SPECIAL SESSION: Pathogen Adaptation to the Plant Vascular System
New developments in understanding the role of viral factors in tissue tropism of Citrus tristeza virus
Svetlana Folimonova - Department of Plant Pathology, University of Florida.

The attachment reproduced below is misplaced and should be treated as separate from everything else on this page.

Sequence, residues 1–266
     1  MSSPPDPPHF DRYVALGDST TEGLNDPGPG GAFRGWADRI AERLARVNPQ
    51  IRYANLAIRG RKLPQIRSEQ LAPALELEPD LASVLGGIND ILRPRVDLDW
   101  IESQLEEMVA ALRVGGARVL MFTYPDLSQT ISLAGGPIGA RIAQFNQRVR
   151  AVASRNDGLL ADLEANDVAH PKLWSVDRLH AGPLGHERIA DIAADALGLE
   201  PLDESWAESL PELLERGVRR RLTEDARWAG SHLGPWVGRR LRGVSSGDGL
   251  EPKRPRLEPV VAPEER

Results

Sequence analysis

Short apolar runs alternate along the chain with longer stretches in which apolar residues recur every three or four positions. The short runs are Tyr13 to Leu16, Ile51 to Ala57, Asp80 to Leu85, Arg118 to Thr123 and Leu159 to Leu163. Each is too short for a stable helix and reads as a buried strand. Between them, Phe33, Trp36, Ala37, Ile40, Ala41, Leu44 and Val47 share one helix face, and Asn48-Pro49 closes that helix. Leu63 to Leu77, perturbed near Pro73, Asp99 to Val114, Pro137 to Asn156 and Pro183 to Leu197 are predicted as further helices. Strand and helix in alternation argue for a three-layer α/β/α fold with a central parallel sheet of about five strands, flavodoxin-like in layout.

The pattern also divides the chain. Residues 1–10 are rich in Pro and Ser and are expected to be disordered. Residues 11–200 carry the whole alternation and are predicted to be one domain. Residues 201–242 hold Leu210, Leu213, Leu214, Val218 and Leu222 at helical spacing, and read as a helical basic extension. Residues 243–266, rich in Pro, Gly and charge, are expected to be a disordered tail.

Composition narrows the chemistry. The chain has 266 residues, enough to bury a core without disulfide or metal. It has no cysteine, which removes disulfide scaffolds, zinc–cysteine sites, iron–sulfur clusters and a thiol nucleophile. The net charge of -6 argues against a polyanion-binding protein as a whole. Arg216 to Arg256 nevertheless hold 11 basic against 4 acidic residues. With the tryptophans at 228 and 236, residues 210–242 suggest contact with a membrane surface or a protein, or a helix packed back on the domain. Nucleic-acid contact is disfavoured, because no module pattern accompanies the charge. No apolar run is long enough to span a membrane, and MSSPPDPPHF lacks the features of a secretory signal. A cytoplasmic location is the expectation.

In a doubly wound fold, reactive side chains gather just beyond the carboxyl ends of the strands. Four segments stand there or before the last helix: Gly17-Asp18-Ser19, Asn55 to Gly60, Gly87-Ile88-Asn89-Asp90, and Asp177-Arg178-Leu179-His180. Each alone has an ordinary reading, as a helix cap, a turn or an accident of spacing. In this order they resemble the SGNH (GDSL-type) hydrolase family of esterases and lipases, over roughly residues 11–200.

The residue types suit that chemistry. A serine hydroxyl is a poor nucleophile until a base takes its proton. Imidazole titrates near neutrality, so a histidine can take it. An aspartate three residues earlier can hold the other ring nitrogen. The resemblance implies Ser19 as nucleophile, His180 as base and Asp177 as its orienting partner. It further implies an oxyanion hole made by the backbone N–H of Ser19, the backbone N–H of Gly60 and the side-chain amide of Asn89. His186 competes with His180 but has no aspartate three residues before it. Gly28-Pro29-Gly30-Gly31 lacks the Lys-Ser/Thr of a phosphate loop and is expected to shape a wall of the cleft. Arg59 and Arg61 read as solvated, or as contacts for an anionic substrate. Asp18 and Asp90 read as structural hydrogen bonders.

The ability to efficiently spread within a plant allows the virus to establish productive infection and increases its chances for the dissemination to new host plants. Although the majority of plant viruses are capable of infecting most types of cells within their hosts, some viruses exhibit apparent restriction to particular tissues upon their host invasion. Such case is exemplified by several groups of phloem-limited viruses, among which are RNA viruses belonging to the family Closteroviridae. The factors and processes that control phloem restriction of these viruses as well as the evolutionary reason of viral phloem limitation are not well understood. In our recent study, we showed that p33 protein of Citrus tristeza closterovirus (CTV) affects viral pathogenicity by modulating a host immune response. During virus infection, p33 triggers the accumulation of reactive oxygen species (ROS) and plant cell death. Deletion of the p33 gene from the CTV genome resulted in a significant decrease in ROS upon virus infection in tobacco and citrus, while positively impacted virus accumulation and spread. As we observed, the p33 deletion mutant was able to spread beyond phloem and enter xylem cells, which resulted in the abnormal vascular tissue differentiation leading to a significant enhancement of the stem pitting syndrome. Based on these observations, we hypothesized that the plant recognizes p33 and activates the host immune response to restrict CTV into the phloem tissue and minimize the disease.